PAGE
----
In addition, the Board may allow for reduced interest rates, extended repayment periods, or forgivable principal loans for projects that meet standardized hardship criteria or are supported by a rate base of less than 50,000. The maximum amount the Board is authorized to provide for preconstruction and emergency loans is increased from 15 percent to 25 percent of the PWAA appropriation. Additionally, the Board may provide grants for preconstruction, emergency, and construction projects. Grants are limited to no more than 10 percent of the PWAA appropriation.
An interagency, multijurisdictional system improvement team (Team) is established until June 30, 2021. The membership of the Team consists of representatives from state infrastructure programs and other entities including the associations representing cities, counties, public utility districts, water and sewer districts, general contractors, and building trades. The Team is tasked with identifying, implementing, and reporting on system improvements.
The Board, in consultation with stakeholders, must provide a report by December 2018, to the Legislature regarding other financing approaches that could be established to provide access to financing for local governments that have challenges in accessing existing private credit markets.
Public Works Assistance Account.
The tax revenues from the Solid Waste Tax, Public Utilities Tax, and Real Estate Excise Tax continue to be deposited into the Education Legacy Trust Account through fiscal year 2021.
Fiscal Note: Available.
Effective Date of Amended Bill: The bill takes effect 90 days after adjournment of the session in which the bill is passed.
Staff Summary of Public Testimony:
(In support) None.
(Opposed) The Office of the State Treasurer has expressed concern with the new financing program created in Engrossed Substitute Senate Bill (ESSB) 5033. The interest rates offered through the current program administered by the Board cannot be matched by any of the policies in ESSB 5033. The bonding proposals do not offer viable options because they will have interest rates between 4 to 7 percent. There are many communities that do not have the ability to secure funding in the open bond market due to the rates. Engrossed Substitute Senate Bill 5033 does not address this barrier.
(Other) The policies in ESSB 5033 will not take care of distressed, rural communities. The financing approaches do not respond to their needs. The interest rates under these financing programs exceed the financing rates rural communities can afford. These communities need critical infrastructure. The policies offered in House Bill (HB 1677) provide a way to meet rural community needs. The Board is successful and it is not something that should end. The PWAA has provided critical money to fund infrastructure projects. It takes a real effort to startup a successful program. There are a lot of opportunities to modernize the Board, which are reflected in the policies in HB 1677. All communities need functioning infrastructure and water without pollutants. This bill permanently diverts the funding from a successful program. Bolstering the current Public Works program should be a priority. The current program needs an adequate source of revenue. The Legislature should commit to allowing the revenue stream to return to the PWAA. The ESSB 5033 includes interesting financing approaches, but there are many concerns about how the programs would really work. An alternative approach would be to have the Board evaluate and report on different financing models. There could be a value in bond pooling, but the policies in ESSB 5033 are in no way a replacement to the current Public Works program or a way to replace the permanent revenue diversion. It is critical to ensure that the current Public Works program is maintained and that the polices in HB1677 move forward.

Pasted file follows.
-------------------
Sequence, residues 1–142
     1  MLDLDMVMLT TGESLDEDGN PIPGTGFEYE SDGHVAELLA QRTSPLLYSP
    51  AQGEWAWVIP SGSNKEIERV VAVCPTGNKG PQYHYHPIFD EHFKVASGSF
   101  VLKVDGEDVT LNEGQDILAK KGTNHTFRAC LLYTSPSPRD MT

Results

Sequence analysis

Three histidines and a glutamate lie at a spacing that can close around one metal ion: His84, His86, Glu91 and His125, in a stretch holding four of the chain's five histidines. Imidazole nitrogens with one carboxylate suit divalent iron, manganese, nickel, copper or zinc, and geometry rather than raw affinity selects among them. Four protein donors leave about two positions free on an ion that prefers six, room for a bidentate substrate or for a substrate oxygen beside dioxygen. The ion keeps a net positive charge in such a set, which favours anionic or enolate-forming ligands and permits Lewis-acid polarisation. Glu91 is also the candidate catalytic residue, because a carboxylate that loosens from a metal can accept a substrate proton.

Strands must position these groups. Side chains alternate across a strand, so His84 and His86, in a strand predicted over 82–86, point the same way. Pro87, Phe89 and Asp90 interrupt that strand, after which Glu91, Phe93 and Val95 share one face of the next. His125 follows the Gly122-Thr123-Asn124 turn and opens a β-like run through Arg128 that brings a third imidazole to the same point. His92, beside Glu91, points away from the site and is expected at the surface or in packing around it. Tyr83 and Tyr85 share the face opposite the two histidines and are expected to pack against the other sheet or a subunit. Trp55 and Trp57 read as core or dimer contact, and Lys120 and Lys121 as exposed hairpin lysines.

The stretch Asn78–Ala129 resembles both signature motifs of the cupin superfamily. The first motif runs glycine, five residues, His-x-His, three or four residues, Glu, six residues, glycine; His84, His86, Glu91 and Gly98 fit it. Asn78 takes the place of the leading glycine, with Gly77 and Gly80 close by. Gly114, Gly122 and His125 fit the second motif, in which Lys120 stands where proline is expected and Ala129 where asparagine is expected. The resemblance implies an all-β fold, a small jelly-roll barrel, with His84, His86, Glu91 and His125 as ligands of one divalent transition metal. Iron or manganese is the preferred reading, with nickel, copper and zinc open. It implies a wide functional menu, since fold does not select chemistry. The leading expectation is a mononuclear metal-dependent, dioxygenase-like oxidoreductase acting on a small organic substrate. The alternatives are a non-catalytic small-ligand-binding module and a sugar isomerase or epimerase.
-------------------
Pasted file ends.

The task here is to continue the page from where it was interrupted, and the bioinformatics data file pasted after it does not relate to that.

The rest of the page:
Persons Testifying: (In support) None.
(Opposed) Senator Wellman; Mara Malchulsky, Washington Public Works Board; and Brian Wesemann, Kelso Lexington Flood Control District.
(Other) Steve Lindstrom, Sno-King Water District Coalition; Jerry VanderWood, Washington Associated General Contractors; Joe Kendo, Washington State Labor Council; Bill Clarke, Washington Public Utility District Association; Carl Schroeder, Association of Washington Cities; Gary Rowe, Washington State Association of Counties; and Scott Hazlegrove, Washington Association of Sewer and Water Districts.
Persons Signed In To Testify But Not Testifying: None.